Coacting with inlet 58 and also connected to end wall 18, are outlets 62 and 63. The therapeutic gases introduced through inlet 58 are discharged from the internal chamber 6 through outlet 62. Inlet 58 and outlets 62 and 63 are attached to an apparatus which is capable of controlling a substantial number of parameters of the gases introduced.
In the alternative, the present invention provides self-contained elements for the maintenance and control of the environment within the internal chamber 6. Thus, the present invention includes a well known pressure release valve 64 and a well known manually adjustable flow regulation mechanism 66 also connected to end wall 18. Pressure release valve 64 and flow regulation mechanism 66 are also in communication with internal chamber 6 and are capable of insuring that the pressure within internal chamber 6 does not exceed a predetermined limit and that a predetermined flow of therapeutic gas is maintained. The present invention also provides connected to end wall 18 and in communication with internal chamber 4 internal environment metering means; specifically, a well known pressure meter 68, a well known pressure pulsation meter 70, a well known barometer 72 and an auxiliary port 74 for the connection of any other internal chamber metering device and a well known flow meter 76. Auxiliary port 74 includes a sealing valve 75 for sealing the communication between auxiliary port 74 and internal chamber 6.
In the operation of the hyperbaric apparatus 2 in accordance with the instant invention removable closure 28 is first removed. The limb to be treated is then inserted through the limb introduction opening 30, the annular projection 40 and the resilient sleeve 32. This is done simply by sliding the removable closure up the patients' limb. The patients' limb is then inserted into the opening 26 in the end wall 16 of the housing 4 and correspondingly, into the internal chamber 6 of the hyperbaric apparatus 2 in accordance with the present invention. This is done by lifting the patients' limb and sliding the entire housing 6 in the longitudinal line of the length of the limb until the end wall 16 of the housing engages the removable closure 28. The closure 28 is then rested upon L-shaped flange 34, pressed into position until the sealing ring 38 is in engagement with the end wall 16 and then secured by the pivotable latch 36.
At this time, if the patients' limb needs to be maneuvered or, if therapeutic dressings or the like need to be applied, side wall closures 54 or 56, which ever is more convenient, will be removed and the attending health care worker will have access through side wall openings 22 and 24 to the limb introduced. When such treatment or manipulation is completed, and the patients' limb is in the desired position, these side wall closures 54 and 56 are reattached by means of their respective L-shaped flanges 34a and 34b and secured to the corresponding side walls by pivotable latches 36a and 36b, thus sealing side walls 10 and 12. A substantially sealed internal chamber with the patients' limb therein is thus produced and the treatment of that limb may then be commenced.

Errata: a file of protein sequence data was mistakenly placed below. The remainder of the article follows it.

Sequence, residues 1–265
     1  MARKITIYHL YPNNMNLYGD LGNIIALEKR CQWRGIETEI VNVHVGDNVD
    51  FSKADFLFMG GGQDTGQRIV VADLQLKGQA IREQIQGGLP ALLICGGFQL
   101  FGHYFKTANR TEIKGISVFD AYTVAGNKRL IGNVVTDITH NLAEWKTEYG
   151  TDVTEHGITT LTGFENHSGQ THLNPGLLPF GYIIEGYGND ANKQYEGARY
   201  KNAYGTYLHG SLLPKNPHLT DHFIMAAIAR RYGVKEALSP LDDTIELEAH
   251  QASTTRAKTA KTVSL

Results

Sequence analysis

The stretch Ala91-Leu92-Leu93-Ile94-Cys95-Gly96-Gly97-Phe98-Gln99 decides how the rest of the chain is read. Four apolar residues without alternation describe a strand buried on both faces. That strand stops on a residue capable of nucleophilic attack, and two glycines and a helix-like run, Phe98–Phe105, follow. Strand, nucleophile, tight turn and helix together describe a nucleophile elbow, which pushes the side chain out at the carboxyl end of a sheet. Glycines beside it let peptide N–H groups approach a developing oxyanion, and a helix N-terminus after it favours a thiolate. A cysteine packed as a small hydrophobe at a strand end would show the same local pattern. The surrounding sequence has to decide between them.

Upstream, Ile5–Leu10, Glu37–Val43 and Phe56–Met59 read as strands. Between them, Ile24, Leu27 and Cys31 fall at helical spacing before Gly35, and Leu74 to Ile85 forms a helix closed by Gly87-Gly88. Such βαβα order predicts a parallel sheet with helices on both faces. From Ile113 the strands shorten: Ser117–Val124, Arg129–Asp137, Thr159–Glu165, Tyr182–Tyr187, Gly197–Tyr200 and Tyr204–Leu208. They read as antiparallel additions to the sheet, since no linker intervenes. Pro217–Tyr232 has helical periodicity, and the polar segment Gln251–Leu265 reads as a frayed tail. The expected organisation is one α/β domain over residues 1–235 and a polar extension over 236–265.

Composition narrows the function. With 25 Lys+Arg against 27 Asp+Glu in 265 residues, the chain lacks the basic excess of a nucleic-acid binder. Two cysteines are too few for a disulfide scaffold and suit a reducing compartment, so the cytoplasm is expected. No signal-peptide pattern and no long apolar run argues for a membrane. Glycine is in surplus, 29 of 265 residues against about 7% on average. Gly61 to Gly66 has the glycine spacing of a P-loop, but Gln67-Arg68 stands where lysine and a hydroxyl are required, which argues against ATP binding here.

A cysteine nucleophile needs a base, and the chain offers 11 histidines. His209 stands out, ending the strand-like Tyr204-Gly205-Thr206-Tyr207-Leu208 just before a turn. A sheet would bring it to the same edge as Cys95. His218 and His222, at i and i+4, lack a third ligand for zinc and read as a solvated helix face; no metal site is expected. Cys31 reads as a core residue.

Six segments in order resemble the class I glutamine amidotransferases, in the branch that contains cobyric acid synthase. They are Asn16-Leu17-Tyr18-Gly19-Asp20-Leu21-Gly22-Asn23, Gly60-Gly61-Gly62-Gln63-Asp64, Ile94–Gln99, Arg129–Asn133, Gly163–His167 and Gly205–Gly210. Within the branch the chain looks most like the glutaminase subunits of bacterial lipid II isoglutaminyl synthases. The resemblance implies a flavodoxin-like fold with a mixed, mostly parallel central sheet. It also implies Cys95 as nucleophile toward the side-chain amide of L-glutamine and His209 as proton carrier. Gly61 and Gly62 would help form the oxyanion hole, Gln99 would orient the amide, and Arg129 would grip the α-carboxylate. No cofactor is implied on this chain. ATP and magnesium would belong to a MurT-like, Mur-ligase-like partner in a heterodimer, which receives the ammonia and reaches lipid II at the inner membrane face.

Therapeutic gas under pressure is now introduced into the internal chamber 6 through the inlet 58 on the end wall 18 of the hyperbaric apparatus 2. Preferably, this therapeutic gas has been humidified or otherwise enhanced by the vaporization mechanism 60. Additionally, a plurality of therapeutic gases may be introduced through inlet 58 if such a combination of gases is indicated by the treatment regimen in accordance with the treating physicians instructions.
The internal parameters of this now pressurized internal chamber may be maintained by an independent control apparatus, or in the alternative, may be maintained by the instant inventions, maintenance and control mechanisms, i.e., pressure relief valve 64 and flow regulation mechanism 66. In this regard, all that is actually needed to operate the instant invention is a pressure adjustable source of oxygen or other therapeutic gas.
While the control mechanism is illustrated as associated with the outlet 62, those skilled in the art will readily recognize that other forms of control can be utilized without the parting from the scope of the present invention.
As thus described, the present invention is an easily applied hyperbaric apparatus of simple construction, which includes an efficient method of sealing the internal chamber. This improved construction and method of sealing produce numerous beneficial end results, such as easier application and operation by the attendant health care worker. This simplified construction also improves the portability of the hyperbaric apparatus as described above.